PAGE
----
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Paramedics and ambulance staff could be in for a pay increase of just over 6 percent and shift allowances under a new deal being offered by St John after the government gave the organisation a $21 million funding boost.
About 1000 paramedics who are members of the FIRST Union had this week been considering strike action over poor pay and staff shortages.
Under the offer, FIRST Union said St John staff would receive across-the-board pay increases of 6.5 percent over the next two years.
The deal also included shift payments of 5 percent to be introduced this year, jumping to 25 percent next July.
Union spokeswoman Sarah Stone said morale among ambulance staff had been at an all-time low and the offer was desperately needed.
She said the deal was just the start, with further funding announcements expected for the ambulance service next year.
"We're in the middle of a workforce review and that will form a funding bid for the funding to come in next year ... so we know that workforce review will reveal the scale and work of the workers, and the government will react accordingly."
The pay offer comes after almost a year of negotiations between St John and its staff.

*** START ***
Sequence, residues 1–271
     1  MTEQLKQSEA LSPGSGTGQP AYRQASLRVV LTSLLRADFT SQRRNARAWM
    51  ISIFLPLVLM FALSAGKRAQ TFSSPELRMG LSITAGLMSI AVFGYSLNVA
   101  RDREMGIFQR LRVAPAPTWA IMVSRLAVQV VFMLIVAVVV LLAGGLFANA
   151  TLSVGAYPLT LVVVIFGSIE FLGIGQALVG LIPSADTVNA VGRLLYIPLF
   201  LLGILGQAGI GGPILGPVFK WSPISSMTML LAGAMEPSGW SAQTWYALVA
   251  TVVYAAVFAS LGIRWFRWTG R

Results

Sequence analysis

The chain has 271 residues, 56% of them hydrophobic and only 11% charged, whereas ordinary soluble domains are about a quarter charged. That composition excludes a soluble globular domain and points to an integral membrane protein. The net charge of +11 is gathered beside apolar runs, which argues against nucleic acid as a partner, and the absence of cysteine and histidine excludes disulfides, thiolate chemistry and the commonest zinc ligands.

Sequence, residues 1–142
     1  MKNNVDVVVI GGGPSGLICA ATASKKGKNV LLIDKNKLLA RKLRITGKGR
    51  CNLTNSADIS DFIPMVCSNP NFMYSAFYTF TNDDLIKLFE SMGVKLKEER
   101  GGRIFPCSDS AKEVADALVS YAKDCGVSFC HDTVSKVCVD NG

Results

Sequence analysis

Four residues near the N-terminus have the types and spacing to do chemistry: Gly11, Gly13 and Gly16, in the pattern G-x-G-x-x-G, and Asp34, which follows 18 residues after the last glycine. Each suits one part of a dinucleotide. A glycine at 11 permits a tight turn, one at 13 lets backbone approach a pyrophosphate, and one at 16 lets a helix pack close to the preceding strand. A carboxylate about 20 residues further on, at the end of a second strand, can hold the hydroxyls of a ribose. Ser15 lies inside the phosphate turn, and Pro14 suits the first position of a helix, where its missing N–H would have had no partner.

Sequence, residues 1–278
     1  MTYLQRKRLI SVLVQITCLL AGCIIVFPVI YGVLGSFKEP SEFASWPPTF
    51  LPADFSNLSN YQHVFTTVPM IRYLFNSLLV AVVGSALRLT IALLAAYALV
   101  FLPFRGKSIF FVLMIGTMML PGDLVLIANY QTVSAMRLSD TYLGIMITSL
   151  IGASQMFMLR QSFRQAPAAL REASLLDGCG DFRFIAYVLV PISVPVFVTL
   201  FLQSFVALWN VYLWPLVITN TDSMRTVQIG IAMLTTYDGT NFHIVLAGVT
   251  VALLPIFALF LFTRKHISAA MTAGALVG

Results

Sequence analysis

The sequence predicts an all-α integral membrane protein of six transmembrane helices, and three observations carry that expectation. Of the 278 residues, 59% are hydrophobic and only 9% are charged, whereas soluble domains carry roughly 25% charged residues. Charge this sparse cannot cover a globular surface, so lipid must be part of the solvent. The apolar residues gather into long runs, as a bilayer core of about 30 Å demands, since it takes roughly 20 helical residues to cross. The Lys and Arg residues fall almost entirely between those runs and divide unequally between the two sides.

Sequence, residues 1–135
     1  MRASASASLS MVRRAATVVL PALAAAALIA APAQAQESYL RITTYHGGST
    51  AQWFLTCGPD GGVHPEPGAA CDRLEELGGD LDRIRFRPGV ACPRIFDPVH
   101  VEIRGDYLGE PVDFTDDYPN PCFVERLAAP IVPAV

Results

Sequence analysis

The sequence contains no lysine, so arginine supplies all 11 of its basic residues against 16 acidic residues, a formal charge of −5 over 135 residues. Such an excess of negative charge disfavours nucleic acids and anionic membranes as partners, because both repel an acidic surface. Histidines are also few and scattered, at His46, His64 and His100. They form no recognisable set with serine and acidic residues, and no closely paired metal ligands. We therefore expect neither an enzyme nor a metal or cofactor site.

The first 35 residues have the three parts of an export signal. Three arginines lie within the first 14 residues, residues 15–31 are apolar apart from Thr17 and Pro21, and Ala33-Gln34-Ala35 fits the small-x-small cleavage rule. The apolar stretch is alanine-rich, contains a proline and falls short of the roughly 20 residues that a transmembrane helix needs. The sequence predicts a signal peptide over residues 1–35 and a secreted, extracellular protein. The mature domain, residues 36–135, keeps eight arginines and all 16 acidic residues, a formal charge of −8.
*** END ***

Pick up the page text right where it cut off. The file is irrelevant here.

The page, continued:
Workers have been involved in 34 partial strike actions including graffiti on ambulances and staff not wearing uniforms. This week they were balloted for the first time ever about a total stop work strike.
Intensive care paramedic Anthony Ivan said the deal would likely be enough to avoid that strike - but only just.
"It would stop the majority of staff of having to swallow an extremely bitter pill, which is the withdrawl of labour," he said.
"I think they will accept as a majority."
Mr Ivan is near the top end of the pay scale - receiving about $80,000 at the moment - but he said the latest offer still did not reflect the work he was doing and doctors carrying out similar tasks were paid considerably more.
"From my point of view, as an intensive care paramedic, that sounds like a lot of money ... but when you compare the skills that I can do with someone in hospital - I can put people into induced comas, do very advanced airway clinical skills - in the marketplace, it's actually very cheap."
Mr Ivan said it was the staff at the lower end of the pay scale - those earning $19 dollars an hour - who needed the pay increase the most.
"The argument, in plain language, is: do you want the person who you love, your family member, to be worked on by someone who is working on nearly the minimum wage? What are you expecting in terms of quality of care at that level?
"It's a bit of a brutal argument but it's not unrealistic to ask that question."
St John refused to be interviewed on the offer, saying it was bound by confidentiality agreements in place during the negotiation process.
In a statement it said the one-off $21m payment the government made last week had allowed it to reduce financial deficit, meaning it could introduce an interim shift allowance in recognition of the unsocial hours its staff worked.
Union members will be voting on the offer over the next few weeks.